Miami Vice is most smoothly effective in these visceral scenes of movement—Tubbs piloting their plane low over the ocean; Crockett blasting across the waves in a speeding catamaran bound for Cuba; their team silently closing in on a tense trailer-park hostage situation (this being the movie's best set piece). When a superior considers ending their operation, Crockett protests, "We wanna stay under!" like a kid being called in to supper. The game is too exciting to quit, and—for Crockett at least—the double life is too seductive. (Li is plenty alluring in this regard, though her English isn't a whole lot better than in Memoirs of a Geisha.)

MANN HAS DONE everything to disavow his old TV series, recently telling the London Telegraph, "I'm not interested in nostalgia. What was important about Miami Vice wasn't the clothes, the colors, or any of that." (This will come as a shock to fans, who properly understood that nothing was important about MV.) So there are no cameos from the old cast, no winks or wisecracks, and a cover of Phil Collins' "In the Air Tonight" has to wait for the final credits. So strenuously does Mann avoid one legacy that he forgets another: The movie isn't rivaled by the show, but by all the other drug-trade movies we've seen. In Scarface or Blow or Traffic or even The French Connection, the criminal mechanics and police procedures are no less exhaustively detailed. Yet those are movies you remember for the eccentrics—the rogue cops and charismatic villains. Anyone, any film, can stack up bricks of coke, wire millions from laptops, exchange briefcases, or go deep, deep undercover. And in his mania for methodology, Mann never makes Crockett and Tubbs more than supremely competent technicians of law enforcement. He's been writing and directing movies for 25 years, but the only characters you remember are those he inherited—Muhammad Ali and Hannibal Lecter. Instead of dialogue, everyone speaks in terse, tough fortune-cookie aphorisms: "Time is luck," and "Probability is like gravity." Instead of a script, he probably gives his actors a schematic diagram.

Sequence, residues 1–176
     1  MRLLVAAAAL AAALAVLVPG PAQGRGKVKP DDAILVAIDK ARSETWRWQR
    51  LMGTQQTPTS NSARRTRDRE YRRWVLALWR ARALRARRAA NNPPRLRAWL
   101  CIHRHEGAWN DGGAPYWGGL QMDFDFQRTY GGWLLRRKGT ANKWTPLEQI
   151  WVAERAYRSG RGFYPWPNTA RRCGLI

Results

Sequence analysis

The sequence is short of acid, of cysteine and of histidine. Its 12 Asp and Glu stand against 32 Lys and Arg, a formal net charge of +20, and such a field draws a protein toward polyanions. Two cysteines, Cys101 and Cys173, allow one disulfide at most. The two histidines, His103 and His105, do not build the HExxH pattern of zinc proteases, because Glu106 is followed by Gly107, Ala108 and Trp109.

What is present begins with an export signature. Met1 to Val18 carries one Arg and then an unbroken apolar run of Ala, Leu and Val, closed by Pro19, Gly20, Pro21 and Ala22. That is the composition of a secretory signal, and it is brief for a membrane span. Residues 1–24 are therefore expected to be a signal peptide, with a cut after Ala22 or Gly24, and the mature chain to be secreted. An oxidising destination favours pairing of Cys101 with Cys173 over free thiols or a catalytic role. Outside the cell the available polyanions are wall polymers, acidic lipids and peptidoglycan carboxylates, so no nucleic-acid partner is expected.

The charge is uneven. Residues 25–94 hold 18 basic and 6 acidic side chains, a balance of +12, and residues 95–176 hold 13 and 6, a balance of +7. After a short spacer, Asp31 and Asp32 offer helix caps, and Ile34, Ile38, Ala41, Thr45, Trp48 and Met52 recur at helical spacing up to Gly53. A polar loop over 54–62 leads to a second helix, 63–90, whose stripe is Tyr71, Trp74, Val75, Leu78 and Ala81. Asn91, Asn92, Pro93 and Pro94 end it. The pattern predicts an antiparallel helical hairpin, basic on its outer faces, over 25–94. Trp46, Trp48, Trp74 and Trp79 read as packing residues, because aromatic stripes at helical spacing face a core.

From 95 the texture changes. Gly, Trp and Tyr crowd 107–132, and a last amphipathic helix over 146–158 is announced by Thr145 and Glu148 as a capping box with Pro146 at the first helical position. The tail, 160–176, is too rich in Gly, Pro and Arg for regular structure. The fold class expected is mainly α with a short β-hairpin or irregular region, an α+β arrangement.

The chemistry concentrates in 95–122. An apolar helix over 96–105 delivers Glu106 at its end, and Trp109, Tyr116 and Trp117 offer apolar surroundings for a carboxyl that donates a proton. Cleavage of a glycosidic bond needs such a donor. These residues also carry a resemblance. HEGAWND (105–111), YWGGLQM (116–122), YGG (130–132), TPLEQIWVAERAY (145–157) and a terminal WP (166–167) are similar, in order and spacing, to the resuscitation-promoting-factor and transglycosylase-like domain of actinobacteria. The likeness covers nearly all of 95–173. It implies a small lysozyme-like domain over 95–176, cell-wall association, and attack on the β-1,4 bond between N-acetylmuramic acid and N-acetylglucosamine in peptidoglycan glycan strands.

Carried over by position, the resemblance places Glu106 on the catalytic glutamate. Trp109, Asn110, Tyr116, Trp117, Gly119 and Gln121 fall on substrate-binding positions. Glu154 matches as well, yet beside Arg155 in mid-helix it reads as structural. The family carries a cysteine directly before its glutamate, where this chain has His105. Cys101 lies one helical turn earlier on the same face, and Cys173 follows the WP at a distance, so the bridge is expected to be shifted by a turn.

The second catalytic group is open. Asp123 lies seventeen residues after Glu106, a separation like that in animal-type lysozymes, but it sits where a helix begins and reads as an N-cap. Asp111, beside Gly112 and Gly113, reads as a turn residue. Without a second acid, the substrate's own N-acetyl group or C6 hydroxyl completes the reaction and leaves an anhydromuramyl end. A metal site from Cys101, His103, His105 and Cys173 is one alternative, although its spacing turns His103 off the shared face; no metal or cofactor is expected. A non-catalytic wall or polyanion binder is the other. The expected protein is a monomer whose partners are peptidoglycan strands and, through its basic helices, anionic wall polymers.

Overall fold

Most fundamentally, Mann misjudges his audience. If we want a cool, minimalist cop flick, give us that, only with a different title. If we want a Miami Vice movie, give us an authentically '80s spoof with Owen Wilson and Dave Chappelle. But don't tell us the original show had the grandeur of Mamet or Shakespeare (both of whom understand how to mix genres).

Farrell and Foxx do have ample street cred, however. Despite one curious speech about his daddy playing for the Allman brothers and being a trucker—does this lead to a song?—Farrell can now add to his impressive repertory the figure of Southern bad-ass cop. And dancer. In the film's most charming episode, he and Li skim across the strait to Havana for music and mojitos. (In the future, movies ought to require that all action heroes must dance in at least one scene.) I'm not sure why Foxx, top-billed and with his Oscar, wanted the second- banana role. For his next film, he can always go back to comedy. For Mann, that won't be an option.

bmiller@seattleweekly.com